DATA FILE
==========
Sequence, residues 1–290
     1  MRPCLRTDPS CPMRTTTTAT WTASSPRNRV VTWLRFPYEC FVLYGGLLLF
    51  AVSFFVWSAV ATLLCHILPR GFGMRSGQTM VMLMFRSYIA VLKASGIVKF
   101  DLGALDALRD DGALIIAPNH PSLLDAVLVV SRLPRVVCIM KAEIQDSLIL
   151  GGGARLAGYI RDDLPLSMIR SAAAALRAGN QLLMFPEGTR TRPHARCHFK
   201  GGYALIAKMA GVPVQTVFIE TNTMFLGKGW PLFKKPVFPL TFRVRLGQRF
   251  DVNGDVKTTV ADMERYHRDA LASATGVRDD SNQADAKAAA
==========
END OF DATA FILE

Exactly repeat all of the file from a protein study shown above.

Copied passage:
Sequence, residues 1–290
     1  MRPCLRTDPS CPMRTTTTAT WTASSPRNRV VTWLRFPYEC FVLYGGLLLF
    51  AVSFFVWSAV ATLLCHILPR GFGMRSGQTM VMLMFRSYIA VLKASGIVKF
   101  DLGALDALRD DGALIIAPNH PSLLDAVLVV SRLPRVVCIM KAEIQDSLIL
   151  GGGARLAGYI RDDLPLSMIR SAAAALRAGN QLLMFPEGTR TRPHARCHFK
   201  GGYALIAKMA GVPVQTVFIE TNTMFLGKGW PLFKKPVFPL TFRVRLGQRF
   251  DVNGDVKTTV ADMERYHRDA LASATGVRDD SNQADAKAAA